We hear Brazil will be looking for a new president later this year. Well, look no further: we might have just the man the embattled country needs right here in Hong Kong racing, an environment where a jockey's political manoeuvring and people pleasing play as big a part as on-track skill.

The campaign is already taking shape. “Vote one: Joao Moreira! The homegrown Brazilian boy come good, champion of the working class, charismatic, cool under pressure and fantastic at getting one out of the gates fast in a Happy Valley sprint.”

OK, that last skill is probably not useful in the political arena, but there is one highly underrated attribute of Moreira’s that is transferable – being a political mover and shaker around the Sha Tin trainer’s stand.

The sheer number of winners Moreira rides is mesmerising, but the Magic Man reached a milestone on Sunday that while perhaps a little less auspicious than some of his records, was no less significant.

By winning on the the aptly named Happy Friendship in a Class Five dirt race, Moreira has now ridden a winner for all 24 trainers, adding Sean Woods to the list (and just in the nick of time, too, with Woods skating on thin ice when it comes to retaining his licence for next season).

To ride a winner for every trainer in itself isn’t that amazing, but what is stunning is how quickly Moreira has found his way into the winners’ stall for every stable, in less than three years.

And even more astonishing is the fact that he is yet to have a falling out with any particular trainer – not to our knowledge anyway.

This is where Moreira’s political skills shine – managing the expectations of Hong Kong’s trainers without bruising egos, and also without upsetting thousands of famously demanding Jockey Club owners.

This balancing act requires the dexterity of a master juggler combined with the diplomatic skills of a United Nations envoy on assignment in Afghanistan.

Managing the affairs of his home nation of 200 million people might seem like a relief, but his adoring fans would take $1.20 that Moreira can find a cure to the Zika virus, revive an ailing economy and ensure the Rio Olympics begin on time and run smoothly – all during the six-week off-season.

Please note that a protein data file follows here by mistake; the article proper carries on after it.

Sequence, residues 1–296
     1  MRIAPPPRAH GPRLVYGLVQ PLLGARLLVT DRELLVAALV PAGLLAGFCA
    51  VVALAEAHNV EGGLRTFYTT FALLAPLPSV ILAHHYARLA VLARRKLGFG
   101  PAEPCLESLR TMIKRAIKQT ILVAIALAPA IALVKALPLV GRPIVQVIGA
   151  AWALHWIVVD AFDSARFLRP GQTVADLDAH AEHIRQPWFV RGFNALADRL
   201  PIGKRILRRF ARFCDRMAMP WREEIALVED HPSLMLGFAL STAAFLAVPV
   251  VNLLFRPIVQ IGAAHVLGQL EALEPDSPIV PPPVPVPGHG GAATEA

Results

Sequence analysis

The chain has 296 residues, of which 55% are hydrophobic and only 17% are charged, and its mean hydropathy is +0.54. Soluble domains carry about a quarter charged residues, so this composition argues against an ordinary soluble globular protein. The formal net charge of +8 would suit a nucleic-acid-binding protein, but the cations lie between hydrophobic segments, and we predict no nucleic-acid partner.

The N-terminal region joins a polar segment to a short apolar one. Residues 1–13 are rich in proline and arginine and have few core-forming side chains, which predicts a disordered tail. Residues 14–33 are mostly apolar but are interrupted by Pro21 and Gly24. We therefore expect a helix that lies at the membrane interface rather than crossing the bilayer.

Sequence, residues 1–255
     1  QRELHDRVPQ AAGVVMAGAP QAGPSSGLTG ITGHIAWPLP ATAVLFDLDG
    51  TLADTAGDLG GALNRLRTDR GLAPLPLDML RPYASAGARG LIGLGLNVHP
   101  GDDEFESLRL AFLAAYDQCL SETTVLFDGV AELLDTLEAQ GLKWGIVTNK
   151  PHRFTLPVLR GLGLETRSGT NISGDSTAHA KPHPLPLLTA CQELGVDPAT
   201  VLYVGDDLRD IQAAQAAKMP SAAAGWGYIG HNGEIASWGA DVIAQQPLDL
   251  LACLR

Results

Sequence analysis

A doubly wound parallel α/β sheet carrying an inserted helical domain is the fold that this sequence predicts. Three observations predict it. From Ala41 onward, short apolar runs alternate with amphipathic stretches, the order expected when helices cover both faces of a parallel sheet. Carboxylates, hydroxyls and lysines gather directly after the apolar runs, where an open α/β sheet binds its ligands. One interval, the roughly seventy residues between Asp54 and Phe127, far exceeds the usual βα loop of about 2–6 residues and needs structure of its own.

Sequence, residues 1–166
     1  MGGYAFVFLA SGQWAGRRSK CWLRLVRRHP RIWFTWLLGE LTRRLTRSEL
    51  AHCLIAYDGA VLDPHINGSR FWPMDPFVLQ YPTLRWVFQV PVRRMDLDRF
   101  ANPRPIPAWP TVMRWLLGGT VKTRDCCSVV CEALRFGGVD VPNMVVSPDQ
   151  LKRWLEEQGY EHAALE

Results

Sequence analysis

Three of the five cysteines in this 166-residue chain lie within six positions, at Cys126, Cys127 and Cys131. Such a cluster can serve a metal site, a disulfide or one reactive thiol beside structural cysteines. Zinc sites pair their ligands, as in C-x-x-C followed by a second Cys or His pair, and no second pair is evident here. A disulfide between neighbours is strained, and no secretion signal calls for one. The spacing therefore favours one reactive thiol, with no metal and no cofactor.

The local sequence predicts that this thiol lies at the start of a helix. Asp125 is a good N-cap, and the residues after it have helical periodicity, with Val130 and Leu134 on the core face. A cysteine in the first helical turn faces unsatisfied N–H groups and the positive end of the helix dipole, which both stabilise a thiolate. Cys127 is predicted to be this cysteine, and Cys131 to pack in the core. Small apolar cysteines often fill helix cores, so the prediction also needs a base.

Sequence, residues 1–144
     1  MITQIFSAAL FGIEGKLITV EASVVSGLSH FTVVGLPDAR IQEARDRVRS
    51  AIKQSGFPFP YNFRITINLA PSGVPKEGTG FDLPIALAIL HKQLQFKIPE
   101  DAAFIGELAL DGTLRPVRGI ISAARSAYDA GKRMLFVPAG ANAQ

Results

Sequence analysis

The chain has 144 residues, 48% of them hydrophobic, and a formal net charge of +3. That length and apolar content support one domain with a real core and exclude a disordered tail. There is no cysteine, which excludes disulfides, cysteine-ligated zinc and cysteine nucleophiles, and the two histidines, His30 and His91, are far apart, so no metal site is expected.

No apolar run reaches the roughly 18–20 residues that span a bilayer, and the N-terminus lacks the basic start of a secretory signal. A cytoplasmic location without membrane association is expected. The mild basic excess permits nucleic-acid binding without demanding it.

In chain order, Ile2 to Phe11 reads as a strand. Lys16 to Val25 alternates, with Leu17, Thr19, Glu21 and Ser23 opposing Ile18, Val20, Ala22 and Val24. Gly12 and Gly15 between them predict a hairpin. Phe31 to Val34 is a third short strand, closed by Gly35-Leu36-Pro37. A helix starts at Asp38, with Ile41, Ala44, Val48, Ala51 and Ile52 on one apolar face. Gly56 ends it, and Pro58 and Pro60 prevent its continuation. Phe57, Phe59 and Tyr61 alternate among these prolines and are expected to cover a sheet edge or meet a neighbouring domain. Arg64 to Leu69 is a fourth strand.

On the score of keeping trainers happy and not getting a ban from one stable or another, the wise old heads will say, just give Moreira time.

It is probably true, nothing lasts forever in this fickle game and even the strongest trainer and jockey combinations come to an end at some stage, but the way Moreira has been able to keep everybody happy has been the most underrated aspect of the 31-year-old’s meteoric rise.

Is there anybody in racing who says “no” to more people than Moreira in Hong Kong racing?

Wait, did you hear that? That was the wailing of rival jockeys as they read that previous line. They’ll be screaming, “Give us a break, poor Joao, talk about quality problems!”

And true, having to knock back three or four rides per race isn’t exactly the type of challenge Jacky Tong Chi-kit has had to face each week for the past few seasons.

Still, if we work at the conservative rate of three “nos” per race over the course of a season, that works out at more than 2,300 disappointments for people – all delivered as politely as possible by Moreira.

Which horse to ride is another first world problem Moreira faces, and this is where politics plays a big part as well.

It isn’t as simple as which horse will win an individual race. There are many considerations, primarily future support from that stable or owner, or perhaps the projected upside of an individual horse.

The microscope is on Moreira more than any other rider when it comes to his decision-making.